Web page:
The majority of cars have one catalytic converter. However, this is dependent on the number of exhaust pipes the vehicle has. Generally, each car has one catalytic converter per exhaust tube; if a vehicle has a dual exhaust system, it has two catalytic converters.
Catalytic converters first appeared on cars in 1975, after legislation limiting exhaust emissions came into force. The function of a catalytic converter is to convert harmful pollutants into less-harmful ones before the gases exit a car's exhaust system.
The main exhaust gases from a combustion engine are water vapor, carbon dioxide and nitrogen. While water vapor and nitrogen are benign, carbon dioxide has links to global warming. Due to inefficiencies in the combustion process, other more harmful gases are also produced in small amounts. Nitrogen oxides are major causal factors of smog and acid rain; carbon monoxide is odorless, colorless and poisonous; and hydrocarbons and other volatile organic compounds resulting from unburned fuel are further major contributors to smog.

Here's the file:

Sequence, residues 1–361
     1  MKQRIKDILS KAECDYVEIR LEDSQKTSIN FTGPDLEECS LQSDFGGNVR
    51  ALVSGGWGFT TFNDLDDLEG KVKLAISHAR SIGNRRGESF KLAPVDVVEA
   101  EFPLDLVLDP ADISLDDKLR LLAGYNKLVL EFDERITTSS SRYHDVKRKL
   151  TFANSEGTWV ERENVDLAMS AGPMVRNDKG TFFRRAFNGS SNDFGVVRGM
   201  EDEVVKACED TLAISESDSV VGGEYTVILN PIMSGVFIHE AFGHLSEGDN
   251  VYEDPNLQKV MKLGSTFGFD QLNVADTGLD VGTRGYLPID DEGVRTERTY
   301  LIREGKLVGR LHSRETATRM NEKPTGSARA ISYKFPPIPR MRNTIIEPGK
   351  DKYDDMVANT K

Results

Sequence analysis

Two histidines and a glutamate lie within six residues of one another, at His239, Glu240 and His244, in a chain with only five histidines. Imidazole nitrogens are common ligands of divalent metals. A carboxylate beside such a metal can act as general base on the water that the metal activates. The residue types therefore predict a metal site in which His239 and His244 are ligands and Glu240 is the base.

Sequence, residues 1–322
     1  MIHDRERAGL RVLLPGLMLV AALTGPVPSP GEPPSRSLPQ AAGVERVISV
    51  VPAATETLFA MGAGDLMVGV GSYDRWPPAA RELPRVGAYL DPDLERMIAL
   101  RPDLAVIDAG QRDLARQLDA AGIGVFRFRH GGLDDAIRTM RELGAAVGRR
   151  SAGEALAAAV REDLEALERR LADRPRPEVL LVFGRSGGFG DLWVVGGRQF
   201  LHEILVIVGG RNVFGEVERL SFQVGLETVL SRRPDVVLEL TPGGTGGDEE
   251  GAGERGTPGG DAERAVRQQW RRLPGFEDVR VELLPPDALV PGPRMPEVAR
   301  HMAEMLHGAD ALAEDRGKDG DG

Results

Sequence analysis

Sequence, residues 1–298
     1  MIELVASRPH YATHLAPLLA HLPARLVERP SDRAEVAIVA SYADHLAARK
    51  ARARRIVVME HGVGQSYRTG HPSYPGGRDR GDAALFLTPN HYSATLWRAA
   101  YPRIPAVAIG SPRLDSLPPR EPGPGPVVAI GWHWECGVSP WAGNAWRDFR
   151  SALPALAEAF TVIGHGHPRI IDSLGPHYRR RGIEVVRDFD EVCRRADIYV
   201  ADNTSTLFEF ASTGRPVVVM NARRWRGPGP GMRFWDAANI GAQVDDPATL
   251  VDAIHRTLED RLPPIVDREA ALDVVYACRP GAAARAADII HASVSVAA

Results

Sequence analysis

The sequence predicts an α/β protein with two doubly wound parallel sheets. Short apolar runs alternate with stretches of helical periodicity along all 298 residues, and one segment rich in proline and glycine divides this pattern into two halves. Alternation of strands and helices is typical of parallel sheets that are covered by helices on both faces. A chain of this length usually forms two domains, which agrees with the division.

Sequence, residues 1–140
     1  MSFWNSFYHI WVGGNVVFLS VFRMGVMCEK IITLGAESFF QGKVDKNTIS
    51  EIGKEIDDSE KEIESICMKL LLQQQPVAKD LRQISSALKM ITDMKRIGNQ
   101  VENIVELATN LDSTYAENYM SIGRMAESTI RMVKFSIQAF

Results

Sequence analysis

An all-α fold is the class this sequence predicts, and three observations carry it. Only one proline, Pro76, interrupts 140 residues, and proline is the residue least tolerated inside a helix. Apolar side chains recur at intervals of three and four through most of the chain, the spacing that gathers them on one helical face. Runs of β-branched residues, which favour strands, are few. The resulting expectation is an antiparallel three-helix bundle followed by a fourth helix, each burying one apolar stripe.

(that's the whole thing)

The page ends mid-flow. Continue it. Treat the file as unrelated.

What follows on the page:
Most modern vehicles have three-way catalytic converters, which are used to reduce these three principal pollutants resulting from the combustion process.
The catalytic converter itself is a two-stage process: reduction and oxidation. The initial reduction catalyst acts to decrease nitrogen oxide emissions, while the second-stage oxidation catalyst acts to decrease hydrocarbons and carbon monoxide.